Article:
# “Oh, the morphisms you’ll see!”

17 Oct 2019 ⇐ Notes archive(This is an entry in my technical notebook. There will likely be typos, mistakes, or wider logical leaps — the intent here is to “let others look over my shoulder while I figure things out.”)

There are many prefixes placed in front of the word “morphism”—here’s a glossary of the ones I’ve seen so far:

- Epimorphism
- The categorical analog to surjectivity—the “epi” root connotes morphisms mapping “over” the entirety of the codomain. Bartosz covers this well in lecture 2.1 (timestamped) of Part I of his category theory course.

- Monomorphism
- Injectivity’s analog and epimorphism’s dual (it blew my mind to realize injectivity and surjectivity, two properties I never thought twice about, are duals). “Mono” in that it generalizes one-to-one functions. Bartosz also mentions them in 2.1.

- Bimorphism
- “A morphism that is both an epimorphism and a monomorphism is called a bimorphism.”
- I don’t quite have the foundation needed to grok when a bimorphism
*isn’t*an isomorphism—maybe because I spend most of my time working in**Hask**and**Swift**(**Set**, in disguise) and Wikipedia mentions “a category, such as**Set**, in which every bimorphism is an isomorphism is known as a balanced category.” On the other hand, and I need to read more into what “split” means in the following, “while every isomorphism is a bimorphism, a bimorphism is not necessarily an isomorphism. For example, in the category of commutative rings the inclusion**Z**⇒**Q**is a bimorphism that is not an isomorphism. However, any morphism that is both an epimorphism and a split monomorphism, or both a monomorphism and a split epimorphism, must be an isomorphism.”

- Isomorphism
- Show up all over mathematics. A morphism that “admits a two-sided inverse, meaning that there is another morphism in [the] category [at hand] such that [their forward and backward compositions emit identity arrows on the domain and codomain, respectively].” “Iso” for equal in the sense that if an isomorphism exists, there is an sort of sameness to the two objects.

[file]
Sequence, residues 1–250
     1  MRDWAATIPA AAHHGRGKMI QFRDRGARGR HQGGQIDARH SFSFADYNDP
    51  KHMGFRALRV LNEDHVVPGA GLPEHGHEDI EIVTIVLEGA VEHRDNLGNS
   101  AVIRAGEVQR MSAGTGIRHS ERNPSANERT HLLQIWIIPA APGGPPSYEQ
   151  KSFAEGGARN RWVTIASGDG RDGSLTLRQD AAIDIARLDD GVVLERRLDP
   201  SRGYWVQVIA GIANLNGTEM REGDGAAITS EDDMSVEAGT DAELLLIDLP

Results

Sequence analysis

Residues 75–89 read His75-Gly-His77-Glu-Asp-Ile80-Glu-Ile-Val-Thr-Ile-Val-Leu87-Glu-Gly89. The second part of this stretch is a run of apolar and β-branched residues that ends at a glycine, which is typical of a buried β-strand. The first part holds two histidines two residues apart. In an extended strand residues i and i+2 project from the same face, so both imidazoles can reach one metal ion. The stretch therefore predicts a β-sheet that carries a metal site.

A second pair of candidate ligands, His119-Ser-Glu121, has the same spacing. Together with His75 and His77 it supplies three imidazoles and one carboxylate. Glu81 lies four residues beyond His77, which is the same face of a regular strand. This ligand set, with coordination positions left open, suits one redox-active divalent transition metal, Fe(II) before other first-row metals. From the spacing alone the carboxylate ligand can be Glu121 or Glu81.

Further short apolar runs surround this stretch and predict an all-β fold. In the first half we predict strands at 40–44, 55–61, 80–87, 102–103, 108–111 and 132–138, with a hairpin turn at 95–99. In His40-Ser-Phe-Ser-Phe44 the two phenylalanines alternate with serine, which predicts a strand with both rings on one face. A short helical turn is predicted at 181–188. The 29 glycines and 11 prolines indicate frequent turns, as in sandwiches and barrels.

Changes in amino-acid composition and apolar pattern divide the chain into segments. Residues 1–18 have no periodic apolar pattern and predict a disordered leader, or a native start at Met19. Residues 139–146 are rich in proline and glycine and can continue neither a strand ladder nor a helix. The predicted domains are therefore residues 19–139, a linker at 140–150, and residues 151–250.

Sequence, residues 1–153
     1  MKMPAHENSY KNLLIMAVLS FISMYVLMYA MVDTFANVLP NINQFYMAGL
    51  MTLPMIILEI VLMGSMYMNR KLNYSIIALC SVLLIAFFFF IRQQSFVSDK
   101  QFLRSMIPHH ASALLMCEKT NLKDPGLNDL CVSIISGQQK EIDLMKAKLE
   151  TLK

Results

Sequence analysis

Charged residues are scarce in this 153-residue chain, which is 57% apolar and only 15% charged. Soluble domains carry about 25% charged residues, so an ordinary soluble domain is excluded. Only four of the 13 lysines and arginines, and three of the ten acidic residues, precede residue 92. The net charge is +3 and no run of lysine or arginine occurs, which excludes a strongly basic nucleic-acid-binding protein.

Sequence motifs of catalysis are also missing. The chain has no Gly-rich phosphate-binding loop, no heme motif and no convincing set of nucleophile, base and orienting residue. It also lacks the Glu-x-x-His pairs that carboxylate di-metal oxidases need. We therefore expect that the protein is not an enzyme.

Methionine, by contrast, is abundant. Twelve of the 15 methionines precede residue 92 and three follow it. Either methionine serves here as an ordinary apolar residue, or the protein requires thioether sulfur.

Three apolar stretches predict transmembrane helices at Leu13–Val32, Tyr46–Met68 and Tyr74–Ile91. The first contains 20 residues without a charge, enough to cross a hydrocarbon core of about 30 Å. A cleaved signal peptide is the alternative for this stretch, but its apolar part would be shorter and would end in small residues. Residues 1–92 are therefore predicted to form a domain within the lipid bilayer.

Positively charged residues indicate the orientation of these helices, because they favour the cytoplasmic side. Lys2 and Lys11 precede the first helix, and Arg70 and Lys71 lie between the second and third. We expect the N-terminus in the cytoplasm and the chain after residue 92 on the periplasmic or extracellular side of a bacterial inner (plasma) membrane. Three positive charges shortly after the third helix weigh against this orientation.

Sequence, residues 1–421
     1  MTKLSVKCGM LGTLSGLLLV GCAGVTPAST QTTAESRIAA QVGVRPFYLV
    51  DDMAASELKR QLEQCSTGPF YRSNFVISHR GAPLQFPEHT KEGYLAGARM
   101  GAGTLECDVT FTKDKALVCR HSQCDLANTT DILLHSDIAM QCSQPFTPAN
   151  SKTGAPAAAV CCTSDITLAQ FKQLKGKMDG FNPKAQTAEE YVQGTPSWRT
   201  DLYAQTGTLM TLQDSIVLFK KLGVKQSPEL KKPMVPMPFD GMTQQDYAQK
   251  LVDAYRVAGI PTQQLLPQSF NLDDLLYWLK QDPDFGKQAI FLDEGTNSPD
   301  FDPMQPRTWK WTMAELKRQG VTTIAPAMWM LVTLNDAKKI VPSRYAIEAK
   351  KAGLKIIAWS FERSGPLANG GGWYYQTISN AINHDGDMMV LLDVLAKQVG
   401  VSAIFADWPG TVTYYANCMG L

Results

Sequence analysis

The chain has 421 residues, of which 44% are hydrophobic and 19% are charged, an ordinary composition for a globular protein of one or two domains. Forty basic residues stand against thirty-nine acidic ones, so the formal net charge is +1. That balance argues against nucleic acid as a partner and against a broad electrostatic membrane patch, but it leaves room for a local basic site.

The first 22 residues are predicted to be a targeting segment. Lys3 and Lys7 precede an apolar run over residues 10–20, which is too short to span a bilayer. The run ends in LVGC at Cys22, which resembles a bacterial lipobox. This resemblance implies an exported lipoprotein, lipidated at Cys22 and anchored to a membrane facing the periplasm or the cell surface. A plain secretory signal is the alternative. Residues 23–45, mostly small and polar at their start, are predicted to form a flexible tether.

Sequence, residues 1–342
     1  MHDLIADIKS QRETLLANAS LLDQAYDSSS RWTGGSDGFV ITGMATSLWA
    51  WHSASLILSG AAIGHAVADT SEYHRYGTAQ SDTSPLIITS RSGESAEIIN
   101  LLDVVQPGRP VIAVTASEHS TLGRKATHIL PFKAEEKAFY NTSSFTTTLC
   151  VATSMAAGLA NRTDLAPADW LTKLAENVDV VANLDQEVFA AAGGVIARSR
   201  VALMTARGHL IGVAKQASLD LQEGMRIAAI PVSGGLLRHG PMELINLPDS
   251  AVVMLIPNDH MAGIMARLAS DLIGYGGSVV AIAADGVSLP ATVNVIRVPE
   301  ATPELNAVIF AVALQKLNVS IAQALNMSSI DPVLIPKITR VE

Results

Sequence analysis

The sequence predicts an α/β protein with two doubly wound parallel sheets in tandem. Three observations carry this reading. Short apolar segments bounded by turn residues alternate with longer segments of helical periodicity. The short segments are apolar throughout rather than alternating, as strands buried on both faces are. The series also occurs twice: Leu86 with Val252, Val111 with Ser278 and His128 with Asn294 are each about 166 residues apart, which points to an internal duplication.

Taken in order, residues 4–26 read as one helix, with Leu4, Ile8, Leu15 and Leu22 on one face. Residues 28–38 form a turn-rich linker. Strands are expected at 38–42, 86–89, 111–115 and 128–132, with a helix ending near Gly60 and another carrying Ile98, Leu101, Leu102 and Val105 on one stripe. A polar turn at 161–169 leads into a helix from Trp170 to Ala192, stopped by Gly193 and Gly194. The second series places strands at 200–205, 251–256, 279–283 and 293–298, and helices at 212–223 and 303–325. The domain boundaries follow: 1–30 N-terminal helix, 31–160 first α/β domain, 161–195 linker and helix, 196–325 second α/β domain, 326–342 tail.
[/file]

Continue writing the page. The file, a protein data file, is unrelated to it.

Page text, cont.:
- Endomorphism
- A morphism from an object onto itself that isn’t necessarily an identity arrow. “Endo” for “within” or “inner.” The prefix shed light on why the Point-Free folks named functions in the form
`(A) -> A`

,`Endo<A>`

. Looking at that file now, I wonder what the “i” in`imap`

stands for and I may or may not have gotten nerd sniped into checking if`imap`

’s definition shakes out from`Func.dimap`

when dealing with`Func<A, A>`

s and`Z == C == B`

(the`B`

being`imap`

’s generic parameter). Looks like it does?…a few messages later and Peter Tomaselli helped me out! The “i” stands for “invariant,” which reads nicely in that`imap`

’s co- and contravariant parameters kind of cancel out to*invariance*.

- A morphism from an object onto itself that isn’t necessarily an identity arrow. “Endo” for “within” or “inner.” The prefix shed light on why the Point-Free folks named functions in the form
- Automorphism
- An isomorphic endomorphism. “Auto” for same or self.

- Homomorphism
- The star of algebra, a structure-preserving mapping between two algebraic structures. i.e. a homomorphism
`f`

on some structure with a binary operation, say`*`

, will preserve it across the mapping—`f(a * b) = f(a) * f(b)`

. I’ll cover the etymological relationship between “hom” and its appearances in category theory—hom-sets and hom-functors—that isn’t quite restricted to sets in the way algebra generally is in a future note.

- The star of algebra, a structure-preserving mapping between two algebraic structures. i.e. a homomorphism
- Homeomorphism
- The one I’m least familiar with—in another life (or maybe later in this one), I want to dig into (algebraic) topology. Seems to be the topologist’s isomorphism (in the category
**Top**).

- The one I’m least familiar with—in another life (or maybe later in this one), I want to dig into (algebraic) topology. Seems to be the topologist’s isomorphism (in the category
- Catamorphism, Anamorphism, and Hylomorphism
- I’ve only dealt with these three in the functional programming sense. Catamorphisms break down a larger structure into a reduced value (“cata” for “down”), anamorphisms build structure from a smaller set of values (“ana” for “up”), and hylomorphism is an ana- followed by a catamorphism (oddly, “hylo” stands for “matter” or “wood,” wat).
- I ran into catamorphism the other day when trying to put a name on a function in the form
`((Left) -> T) -> ((Right) -> T) -> (Either<Left, Right>) -> T`

. Turns out folks call this`either`

,`analysis`

,`converge`

, or`fold`

(the last of which was somewhat surprising to me in that the`Foldable`

type class requires a monoidal instance, whereas this transformation doesn’t quite have the same requirement). This function is catamorphic in that it*reduces*an`Either`

into a`T`

. `zip`

is an example of an anamorphism that builds a`Zip2Sequence`

from two`Sequence`

s and by extension,`zipWith`

is a hylomorphism that`zip`

s and then reduces down to a summary value by a transformation.- Hylomorphisms and
`imap`

both seem to be*compositions of dual transformations*. Wonder if this pattern pops up elsewhere?